By Patsy R. Brumfield/NEMS Daily Journal
OXFORD – Thomas E. Loden Jr. seeks a federal review of his death sentence in the 2000 capital murder of Leesa Marie Gray.
Loden, 47, was convicted Sept. 21, 2001, in the Circuit Court of Itawamba County. He also pleaded guilty and was sentenced on rape and four sexual battery charges.
His appeals attorneys say one reason for his case review is that his guilty plea was not “knowing, voluntary or intelligent” based on his mental state then.
Psychiatric evaluator Dr. Gerald O’Brien wrote in a sworn statement that “this is the first case I have seen in which trial counsel expressed no reservations about his client’s competence or the voluntariness of the decision.”
The former Marine recruiter’s appeals attorneys raise multiple issues for a federal review. Among them are whether Loden had ineffective trial counsel and was improperly denied funds to hire a forensic social worker to investigate and present factors that might have given him a more lenient sentence.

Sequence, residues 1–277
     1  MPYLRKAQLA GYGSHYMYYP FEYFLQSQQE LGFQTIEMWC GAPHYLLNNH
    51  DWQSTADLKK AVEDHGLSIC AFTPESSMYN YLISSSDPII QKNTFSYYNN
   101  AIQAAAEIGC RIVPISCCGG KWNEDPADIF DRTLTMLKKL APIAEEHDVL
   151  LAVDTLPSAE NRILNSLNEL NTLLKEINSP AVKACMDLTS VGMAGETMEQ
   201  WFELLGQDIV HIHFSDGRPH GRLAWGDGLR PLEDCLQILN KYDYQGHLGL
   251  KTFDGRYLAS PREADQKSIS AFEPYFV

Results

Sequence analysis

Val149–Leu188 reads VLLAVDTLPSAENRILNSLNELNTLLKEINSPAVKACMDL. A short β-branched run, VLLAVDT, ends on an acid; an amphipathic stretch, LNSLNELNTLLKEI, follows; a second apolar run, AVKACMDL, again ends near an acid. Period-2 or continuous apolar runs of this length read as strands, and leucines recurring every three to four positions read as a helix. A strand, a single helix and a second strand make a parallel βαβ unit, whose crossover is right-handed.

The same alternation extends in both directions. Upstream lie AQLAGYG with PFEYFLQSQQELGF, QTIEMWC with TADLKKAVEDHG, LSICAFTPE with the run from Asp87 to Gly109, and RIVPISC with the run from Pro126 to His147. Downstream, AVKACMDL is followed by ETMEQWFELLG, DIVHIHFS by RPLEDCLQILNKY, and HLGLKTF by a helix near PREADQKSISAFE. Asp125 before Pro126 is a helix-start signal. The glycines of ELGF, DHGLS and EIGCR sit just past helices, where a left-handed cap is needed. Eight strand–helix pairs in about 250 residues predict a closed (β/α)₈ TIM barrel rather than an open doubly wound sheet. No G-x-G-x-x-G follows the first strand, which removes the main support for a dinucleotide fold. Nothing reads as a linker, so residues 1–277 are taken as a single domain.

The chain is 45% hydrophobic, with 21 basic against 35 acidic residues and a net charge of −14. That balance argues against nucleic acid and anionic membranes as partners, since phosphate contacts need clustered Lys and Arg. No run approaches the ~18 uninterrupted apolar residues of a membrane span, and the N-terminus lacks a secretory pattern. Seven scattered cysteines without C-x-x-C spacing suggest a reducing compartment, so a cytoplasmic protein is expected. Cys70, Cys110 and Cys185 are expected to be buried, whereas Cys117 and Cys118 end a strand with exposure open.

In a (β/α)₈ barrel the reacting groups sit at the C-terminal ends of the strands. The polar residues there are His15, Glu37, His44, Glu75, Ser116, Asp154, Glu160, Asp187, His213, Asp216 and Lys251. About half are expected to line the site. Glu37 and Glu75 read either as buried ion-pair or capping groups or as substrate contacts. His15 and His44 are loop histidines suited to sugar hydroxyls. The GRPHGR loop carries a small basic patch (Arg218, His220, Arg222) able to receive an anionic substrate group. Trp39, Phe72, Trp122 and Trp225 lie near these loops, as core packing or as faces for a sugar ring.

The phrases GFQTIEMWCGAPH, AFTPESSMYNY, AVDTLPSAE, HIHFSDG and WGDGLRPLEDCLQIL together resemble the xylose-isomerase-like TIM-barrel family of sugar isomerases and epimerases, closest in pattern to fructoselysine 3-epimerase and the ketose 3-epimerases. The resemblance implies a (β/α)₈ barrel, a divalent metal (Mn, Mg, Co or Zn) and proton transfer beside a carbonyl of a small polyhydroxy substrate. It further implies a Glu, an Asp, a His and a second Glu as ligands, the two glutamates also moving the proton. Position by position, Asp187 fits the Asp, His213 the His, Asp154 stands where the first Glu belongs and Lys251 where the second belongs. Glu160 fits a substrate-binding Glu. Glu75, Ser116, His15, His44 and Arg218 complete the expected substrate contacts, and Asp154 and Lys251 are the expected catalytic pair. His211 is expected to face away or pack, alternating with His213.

The 64-page document claims his appeals attorneys have uncovered information helpful to Loden – a diagnosis of chronic Post Traumatic Stress Disorder and a type of amnesia. They also say they now have a “humanizing, complete picture” of Loden’s character that directly impacts what his sentence should have been.
His federal appeal includes detailed information alleging childhood physical, sexual and emotional abuse. Those events, they say, led to his substance abuse and multiple suicide attempts.
They insist his trial counsel also overlooked his stellar Marine Corps record and PTSD symptoms from combat in the Gulf War.
And they say a final taunt by his wife over the telephone about an impending sexual affair left him upset and feeling helpless.
Their motion suggests police conducted an unlawful search of Loden’s van. They also say Loden was given erroneous advice that if he were sentenced to death, the Mississippi Supreme Court would review all the circuit court’s rulings.
Loden’s convictions were affirmed by the Mississippi Supreme Court in October 2007 and a rehearing denied in 2010. The U.S. Supreme Court also denied to a review in 2008.